A crowd rallies in Magellan St, Lismore, against the cruelty of the live export of cattle to overseas markets.
A crowd rallies in Magellan St, Lismore, against the cruelty of the live export of cattle to overseas markets. Jerad Williams

Voices against live exports

CLOSE to 200 people in both Lismore and Byron Bay joined in a national day of protest against live animal exports on Saturday.

Organisers estimate the national protest attracted around 50,000 people in all capital cities and over 50 regional and rural locations across the country.

Joining the Lismore rally was Cherie Imlah, of Bonalbo, who sets up a table outside Noah's Bookshop in Lismore every second Thursday morning to gather signatures petitioning against the practice of live animal export.

Ms Imlah has been collecting signatures for months now, however when the ABC TV's Four Corners program highlighted the plight of animal cruelty in Indonesian abattoirs on May 30, she found herself inundated with support, saying people were queuing up to sign the petition.

“We've got thousands of signatures so far,” the 78-year-old writer and political activist said.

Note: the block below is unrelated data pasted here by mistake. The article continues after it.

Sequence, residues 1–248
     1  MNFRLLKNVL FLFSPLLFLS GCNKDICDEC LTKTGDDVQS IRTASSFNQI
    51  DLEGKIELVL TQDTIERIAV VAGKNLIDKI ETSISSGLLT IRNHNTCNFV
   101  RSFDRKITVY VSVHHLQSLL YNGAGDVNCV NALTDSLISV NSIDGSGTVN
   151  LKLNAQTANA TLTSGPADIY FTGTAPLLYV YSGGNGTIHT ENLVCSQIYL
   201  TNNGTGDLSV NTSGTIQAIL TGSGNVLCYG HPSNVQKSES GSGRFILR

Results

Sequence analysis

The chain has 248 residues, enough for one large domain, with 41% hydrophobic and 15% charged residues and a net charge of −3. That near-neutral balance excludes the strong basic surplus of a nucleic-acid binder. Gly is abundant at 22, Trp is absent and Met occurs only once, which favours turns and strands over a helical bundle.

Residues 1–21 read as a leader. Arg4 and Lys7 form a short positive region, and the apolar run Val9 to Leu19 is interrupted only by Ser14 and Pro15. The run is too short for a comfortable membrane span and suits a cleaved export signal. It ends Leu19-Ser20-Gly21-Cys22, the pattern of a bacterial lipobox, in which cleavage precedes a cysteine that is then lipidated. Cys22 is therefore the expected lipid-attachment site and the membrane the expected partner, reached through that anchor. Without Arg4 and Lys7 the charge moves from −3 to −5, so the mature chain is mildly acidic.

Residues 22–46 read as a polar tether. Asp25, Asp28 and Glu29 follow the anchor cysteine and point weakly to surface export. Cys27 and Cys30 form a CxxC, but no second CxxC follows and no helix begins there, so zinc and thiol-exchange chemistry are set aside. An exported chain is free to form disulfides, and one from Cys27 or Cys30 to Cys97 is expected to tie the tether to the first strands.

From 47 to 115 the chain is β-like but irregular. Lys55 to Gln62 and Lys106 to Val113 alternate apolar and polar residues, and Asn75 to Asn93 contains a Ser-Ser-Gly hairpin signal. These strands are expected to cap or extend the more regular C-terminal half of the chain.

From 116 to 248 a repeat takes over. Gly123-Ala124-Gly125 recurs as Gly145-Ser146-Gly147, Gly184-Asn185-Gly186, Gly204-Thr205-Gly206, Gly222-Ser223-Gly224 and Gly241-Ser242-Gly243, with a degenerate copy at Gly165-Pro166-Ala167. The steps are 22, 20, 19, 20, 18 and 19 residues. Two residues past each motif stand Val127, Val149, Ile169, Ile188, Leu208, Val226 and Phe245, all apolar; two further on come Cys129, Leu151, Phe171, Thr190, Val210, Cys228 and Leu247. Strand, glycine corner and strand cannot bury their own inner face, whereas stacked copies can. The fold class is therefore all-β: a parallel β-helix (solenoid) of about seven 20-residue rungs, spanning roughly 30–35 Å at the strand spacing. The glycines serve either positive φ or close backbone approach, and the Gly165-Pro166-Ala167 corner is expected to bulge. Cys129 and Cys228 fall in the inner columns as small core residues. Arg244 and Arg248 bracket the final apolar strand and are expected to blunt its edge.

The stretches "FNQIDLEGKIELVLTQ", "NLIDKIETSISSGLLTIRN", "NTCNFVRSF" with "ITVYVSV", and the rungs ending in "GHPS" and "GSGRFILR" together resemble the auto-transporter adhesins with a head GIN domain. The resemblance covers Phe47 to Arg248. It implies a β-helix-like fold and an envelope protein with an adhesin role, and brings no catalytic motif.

The Four Corners program, with its graphic images of animals being slaughtered, garnered instant public protest and led to the Federal Government temporarily banning live cattle exports to Indonesia.

“I am an individual who hates cruelty to animals and I've been upset by this issue ever since I first heard about it through Animals Australia,” Ms Imlah said.

Dr Patricia Petersen, organiser of the national event, said the government ban on live exports to Indonesia was intended to politically water down public anger in relation to the industry.

“To suggest that this government is listening is extremely naive,” she said.

“The government has known for decades that our livestock are being tortured to death when they arrive at their overseas destinations and have turned a blind eye to it,” she said.

Also attending the Lismore rally was Angela Pollard, Animal Law and Education project officer at Northern Rivers Community Legal Centre.

“This issue has been of concern since the 1980s,” Ms Pollard said.

“The countries that we send these animals to don't have animal welfare laws as we understand them to be.

“The animals suffer terribly in transport and in the abattoirs.

"It also means Australian abattoirs close down.

“If we kept the animals locally we'd keep jobs here and we would have a standard of animal welfare.”



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